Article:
REVIEW: Pinter One / Pinter Two (Harold Pinter Theatre) ★★★★
The Jamie Lloyd Company’s epochal season Pinter At The Pinter is making a lot of noise for a writer famed for his silences. Ten years on from Pinter’s death, the first two of seven servings of his complete one-act plays gave us a direct sense of his anger and shock value, and his under-regarded humour.
Directed by Jamie Lloyd, Act One of Pinter One is a stark and brutal sequence of five plays, two sketches and two poems from 1983 to 2002. Politicians spout callous rationalisations for their greed and complacency. Their orders are carried out by shady government men and semi-hinged soldiers, while women and children are buffeted from horror to horror with an extremely troubling yoking of victim and cause. In the violent and harrowing One For The Road, Antony Sher chills the blood as Nicolas, a prototypical Pinter villain, the urbanely smiling bully doing his work with a callous professionalism and not a little relish in arbitrary psychological games.
The shorts and sketches pack a nasty punch but Pinter’s smouldering atmosphere of enigmatic menace develops most characteristically in longer arcs. The two-hander Ashes to Ashes with Kate O’Flynn and Paape Essiedu, directed by Lia Williams, weaves a troubling spell with oppressive design and vulnerable performances, leading to mutual abjection in a mist of multiple meanings and complex patterning.
Pinter’s plays abound in darkly comic double acts, troubled couples and faltering love triangles. Pinter Two is a double bill of The Lover and The Collection, both from the early sixties and directed by Jamie Lloyd. The Lover begins as a garish sitcom that succumbs to the pain and frustration that drive the couple’s sex games. The Collection seethes with deadpan humour. Small talk is weaponised, with a pregnant banality that is both funny and darkly threatening at the same time. David Suchet takes a hilarious scene-stealing turn as a bitterly sardonic Kenneth Tynanesque queen, bringing the house down at the most seemingly ordinary remark. The set piece ‘slum/slug speech’ is an absolute peach.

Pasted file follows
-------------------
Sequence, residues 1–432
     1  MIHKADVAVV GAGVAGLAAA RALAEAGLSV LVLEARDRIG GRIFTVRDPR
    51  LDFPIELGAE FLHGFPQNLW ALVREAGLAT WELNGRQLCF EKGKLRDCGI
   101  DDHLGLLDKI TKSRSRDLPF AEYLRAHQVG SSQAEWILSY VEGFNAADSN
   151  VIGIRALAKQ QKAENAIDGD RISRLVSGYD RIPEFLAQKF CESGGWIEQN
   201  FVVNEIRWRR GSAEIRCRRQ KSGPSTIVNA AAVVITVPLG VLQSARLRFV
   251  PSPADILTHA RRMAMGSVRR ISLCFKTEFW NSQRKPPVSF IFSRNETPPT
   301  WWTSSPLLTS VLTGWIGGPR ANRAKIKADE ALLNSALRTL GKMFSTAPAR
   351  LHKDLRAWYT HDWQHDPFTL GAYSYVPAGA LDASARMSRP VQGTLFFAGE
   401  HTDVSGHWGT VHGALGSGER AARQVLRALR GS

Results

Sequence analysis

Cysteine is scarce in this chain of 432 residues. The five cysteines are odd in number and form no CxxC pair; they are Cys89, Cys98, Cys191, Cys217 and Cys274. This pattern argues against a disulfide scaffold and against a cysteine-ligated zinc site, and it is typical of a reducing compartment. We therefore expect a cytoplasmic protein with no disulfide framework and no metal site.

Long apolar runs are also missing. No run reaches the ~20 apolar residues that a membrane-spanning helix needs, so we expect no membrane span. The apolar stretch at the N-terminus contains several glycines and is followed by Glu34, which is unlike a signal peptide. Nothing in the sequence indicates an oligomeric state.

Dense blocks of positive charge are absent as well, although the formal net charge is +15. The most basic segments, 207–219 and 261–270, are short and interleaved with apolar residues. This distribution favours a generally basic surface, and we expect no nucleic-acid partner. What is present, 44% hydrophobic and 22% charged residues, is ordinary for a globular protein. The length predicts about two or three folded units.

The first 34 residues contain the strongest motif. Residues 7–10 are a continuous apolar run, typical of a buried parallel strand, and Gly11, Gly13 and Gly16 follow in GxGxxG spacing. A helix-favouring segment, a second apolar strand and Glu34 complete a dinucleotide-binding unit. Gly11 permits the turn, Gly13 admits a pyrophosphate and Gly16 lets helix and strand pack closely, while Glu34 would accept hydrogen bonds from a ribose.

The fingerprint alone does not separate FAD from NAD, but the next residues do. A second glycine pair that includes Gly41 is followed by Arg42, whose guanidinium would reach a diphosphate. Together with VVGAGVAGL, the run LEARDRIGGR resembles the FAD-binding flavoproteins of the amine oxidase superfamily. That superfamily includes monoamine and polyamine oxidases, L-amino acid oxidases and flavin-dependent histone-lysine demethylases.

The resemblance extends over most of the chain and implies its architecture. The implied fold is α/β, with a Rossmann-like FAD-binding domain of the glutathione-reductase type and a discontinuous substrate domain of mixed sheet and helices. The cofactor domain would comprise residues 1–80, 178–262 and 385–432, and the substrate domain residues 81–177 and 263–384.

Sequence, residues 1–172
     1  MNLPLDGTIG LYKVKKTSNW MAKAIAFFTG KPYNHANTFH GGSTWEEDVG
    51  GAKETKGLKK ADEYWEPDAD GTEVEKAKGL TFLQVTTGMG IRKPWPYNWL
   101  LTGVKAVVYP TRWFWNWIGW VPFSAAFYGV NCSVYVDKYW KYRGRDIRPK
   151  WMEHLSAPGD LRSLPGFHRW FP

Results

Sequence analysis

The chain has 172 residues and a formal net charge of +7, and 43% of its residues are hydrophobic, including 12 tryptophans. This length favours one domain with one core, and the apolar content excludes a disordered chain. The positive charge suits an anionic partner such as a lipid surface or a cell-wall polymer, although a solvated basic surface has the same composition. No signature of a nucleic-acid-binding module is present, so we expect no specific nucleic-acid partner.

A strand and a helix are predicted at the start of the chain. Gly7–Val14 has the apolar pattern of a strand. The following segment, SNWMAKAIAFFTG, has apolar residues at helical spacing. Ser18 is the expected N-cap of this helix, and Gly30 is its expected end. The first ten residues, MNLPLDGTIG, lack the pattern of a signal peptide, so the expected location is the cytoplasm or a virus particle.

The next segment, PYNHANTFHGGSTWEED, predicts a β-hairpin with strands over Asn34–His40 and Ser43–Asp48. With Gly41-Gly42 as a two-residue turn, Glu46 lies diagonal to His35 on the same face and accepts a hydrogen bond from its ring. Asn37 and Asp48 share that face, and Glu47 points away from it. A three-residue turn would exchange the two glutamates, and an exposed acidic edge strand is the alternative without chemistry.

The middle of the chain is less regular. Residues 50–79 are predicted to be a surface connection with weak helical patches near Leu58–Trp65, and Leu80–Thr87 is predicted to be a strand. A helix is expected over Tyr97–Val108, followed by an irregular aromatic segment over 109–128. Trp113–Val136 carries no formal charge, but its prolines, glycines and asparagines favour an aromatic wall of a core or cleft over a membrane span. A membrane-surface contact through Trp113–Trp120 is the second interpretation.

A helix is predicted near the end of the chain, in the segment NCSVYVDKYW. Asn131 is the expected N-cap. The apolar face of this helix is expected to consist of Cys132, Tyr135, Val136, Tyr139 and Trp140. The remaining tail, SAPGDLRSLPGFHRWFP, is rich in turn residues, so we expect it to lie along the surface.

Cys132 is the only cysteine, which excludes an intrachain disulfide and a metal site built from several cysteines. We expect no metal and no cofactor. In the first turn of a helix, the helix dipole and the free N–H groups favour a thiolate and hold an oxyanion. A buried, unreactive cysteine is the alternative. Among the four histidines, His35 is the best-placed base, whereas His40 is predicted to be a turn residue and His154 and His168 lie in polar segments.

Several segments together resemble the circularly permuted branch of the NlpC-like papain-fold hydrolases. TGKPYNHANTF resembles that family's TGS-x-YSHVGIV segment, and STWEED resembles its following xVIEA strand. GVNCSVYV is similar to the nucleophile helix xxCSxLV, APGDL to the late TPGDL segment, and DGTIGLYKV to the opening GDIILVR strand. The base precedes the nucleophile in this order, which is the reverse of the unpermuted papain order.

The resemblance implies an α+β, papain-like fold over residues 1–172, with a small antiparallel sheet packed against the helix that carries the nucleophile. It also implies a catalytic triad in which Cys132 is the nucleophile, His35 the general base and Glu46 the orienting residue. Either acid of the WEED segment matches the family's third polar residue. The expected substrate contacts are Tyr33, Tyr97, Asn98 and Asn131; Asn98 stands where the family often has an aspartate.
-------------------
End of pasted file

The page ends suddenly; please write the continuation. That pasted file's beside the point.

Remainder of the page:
Another highlight (from Pinter One) was The President and an officer, an undated sketch which was only discovered last year by Pinter’s widow Antonia Fraser, scribbled on a yellow notepad. It unnervingly predicts and captures the incompetence and braggadocio of Donald Trump. An unnamed president accidentally nukes London thinking it was Paris. Jon Culshaw gives a pitch-perfect picture perfect impersonation.
With four more instalments still to come there’s a lot to look forward to, with some stone cold Pinter classics including The Room and The Dumb Waiter, and performances from some big names including John Simm, Tamsin Grieg, Martin Freeman, and Mark Rylance. Directors include Patrick Marber and Lyndsey Turner. If the rest of the season matches up to the originality and clarity of vision of Pinter One and Two it should offer a landmark reappraisal of the range and contemporary resonance of Pinter’s work.
Review by AJ Dehany
Photo: Mark Brenner